Photographer's Note

In one of my uploads long time ago I have mentioned that there is a proverb praising the friendship between Poles and Hungarians. My hometown Tarnów is a particular place where this friendship is celebrated. It is because Polish general Józef Bem who fought also for Hungarian independence was born here. The other upload presented the beautiful mausoleum of the general in my hometown.

On May 26th 2001, at the 170th anniversary of the Battle of Ostrołęka, where general Józef Bem was involved, Tarnów has received a unique gift from the Hungarian foundation Irott Szó and Sepsiszentgyőrgy city: the Seklerska Gate. (Polish: Brama Seklerska, Hungarian: Székelykapu). It is located at the Petöfi Square. Sandor Petöfi was Hungarian poet and gerenal Bem’s adjutant and he has a square named after him as well as a monument in Tarnów (it is visible further behind the gate). If you have a closer look at the gate’s carvings, on the right side you can find symbols of Poland and Hungary. On the left side there are fragments of the poem by Sandor Petöfi.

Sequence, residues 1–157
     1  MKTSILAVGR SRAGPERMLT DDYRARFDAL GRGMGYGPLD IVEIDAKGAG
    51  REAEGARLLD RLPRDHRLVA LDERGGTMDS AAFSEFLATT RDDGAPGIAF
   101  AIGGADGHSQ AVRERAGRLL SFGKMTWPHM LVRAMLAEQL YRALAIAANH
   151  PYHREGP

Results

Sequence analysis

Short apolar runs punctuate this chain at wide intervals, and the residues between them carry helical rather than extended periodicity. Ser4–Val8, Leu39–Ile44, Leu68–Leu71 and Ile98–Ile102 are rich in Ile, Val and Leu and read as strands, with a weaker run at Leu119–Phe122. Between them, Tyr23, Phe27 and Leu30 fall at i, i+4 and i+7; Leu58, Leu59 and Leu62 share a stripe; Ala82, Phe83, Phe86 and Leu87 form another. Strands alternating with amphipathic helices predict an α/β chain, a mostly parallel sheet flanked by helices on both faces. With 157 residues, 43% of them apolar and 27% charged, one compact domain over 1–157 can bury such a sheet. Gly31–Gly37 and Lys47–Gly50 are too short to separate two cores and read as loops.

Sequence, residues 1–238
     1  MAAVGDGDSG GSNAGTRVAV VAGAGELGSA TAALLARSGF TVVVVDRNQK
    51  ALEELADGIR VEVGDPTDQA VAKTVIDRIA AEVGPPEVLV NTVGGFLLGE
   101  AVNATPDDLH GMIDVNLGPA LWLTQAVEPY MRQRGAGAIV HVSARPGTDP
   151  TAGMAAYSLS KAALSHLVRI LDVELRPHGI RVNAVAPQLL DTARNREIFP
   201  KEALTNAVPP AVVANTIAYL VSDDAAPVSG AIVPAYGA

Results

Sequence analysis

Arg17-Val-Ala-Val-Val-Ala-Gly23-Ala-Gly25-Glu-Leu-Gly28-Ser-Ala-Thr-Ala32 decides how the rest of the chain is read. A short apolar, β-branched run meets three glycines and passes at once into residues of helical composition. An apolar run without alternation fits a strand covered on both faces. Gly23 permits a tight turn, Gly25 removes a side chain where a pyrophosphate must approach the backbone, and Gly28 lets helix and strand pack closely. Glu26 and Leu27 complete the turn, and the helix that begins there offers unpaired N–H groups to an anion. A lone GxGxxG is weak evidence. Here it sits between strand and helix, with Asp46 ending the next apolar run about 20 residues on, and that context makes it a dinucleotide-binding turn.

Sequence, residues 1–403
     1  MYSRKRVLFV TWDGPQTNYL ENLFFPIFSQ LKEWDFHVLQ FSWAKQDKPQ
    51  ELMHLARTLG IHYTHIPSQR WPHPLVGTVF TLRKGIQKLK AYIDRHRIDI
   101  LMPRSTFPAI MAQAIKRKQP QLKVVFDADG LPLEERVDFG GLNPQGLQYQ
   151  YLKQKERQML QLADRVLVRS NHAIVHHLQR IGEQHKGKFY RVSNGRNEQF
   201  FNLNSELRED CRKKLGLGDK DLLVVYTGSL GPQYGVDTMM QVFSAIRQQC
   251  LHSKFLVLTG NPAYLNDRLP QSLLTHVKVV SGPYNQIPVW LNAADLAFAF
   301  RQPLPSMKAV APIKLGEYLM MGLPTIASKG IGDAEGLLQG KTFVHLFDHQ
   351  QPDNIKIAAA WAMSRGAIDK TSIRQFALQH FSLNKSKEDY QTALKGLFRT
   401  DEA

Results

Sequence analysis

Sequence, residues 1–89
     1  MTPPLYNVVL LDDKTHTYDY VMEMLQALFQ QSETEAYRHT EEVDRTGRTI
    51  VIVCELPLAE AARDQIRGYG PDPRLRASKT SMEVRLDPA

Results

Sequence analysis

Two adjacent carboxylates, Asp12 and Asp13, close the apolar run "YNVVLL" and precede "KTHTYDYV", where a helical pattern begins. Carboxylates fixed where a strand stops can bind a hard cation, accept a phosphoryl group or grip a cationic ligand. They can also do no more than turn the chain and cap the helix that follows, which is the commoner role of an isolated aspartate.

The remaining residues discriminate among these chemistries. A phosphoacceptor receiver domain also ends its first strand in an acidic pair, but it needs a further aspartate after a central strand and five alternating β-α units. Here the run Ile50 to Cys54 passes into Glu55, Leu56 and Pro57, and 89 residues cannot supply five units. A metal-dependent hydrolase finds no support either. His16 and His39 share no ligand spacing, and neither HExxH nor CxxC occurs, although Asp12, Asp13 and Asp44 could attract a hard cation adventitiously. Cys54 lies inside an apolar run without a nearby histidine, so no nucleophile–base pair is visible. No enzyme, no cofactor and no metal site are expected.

Why Székely Gate? During the Hungarian Revolution 1848 general Bem was entrusted with the defence of Transylvania and in 1849, as General of the Székely troops, he performed miracles with his little army.

More photos of the Székely gates on Google Images.
More info about the Székely gates only in Hungarian or in Serbian.

Székelys or Székely or Szeklers, are a subgroup of the Hungarian people living mostly in the Székely Land, an ethno-cultural region in eastern Transylvania, Romania. A significant population descending from the Székelys of Bukovina lives in Tolna and Baranya counties in Hungary and in certain districts of Vojvodina, Serbia.

Symbols of stars and moon can be also seen on the gate. Sun and crescent moon are the symbols of the Székely, and are used in the coat of arms of Transylvania and on the Romanian national coat of arms. The Sun and Moon symbols represented proto-Hungarian gods. Surprisingly, the coat of arms which is used by my hometown includes the yellow crescent moon and star above it on the blue background, it is called Leliwa and it was first mentioned in 1324.

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Additional Photos by Mariusz Kamionka (mkamionka) Gold Star Critiquer/Gold Star Workshop Editor/Gold Note Writer [C: 6676 W: 105 N: 17456] (67680)
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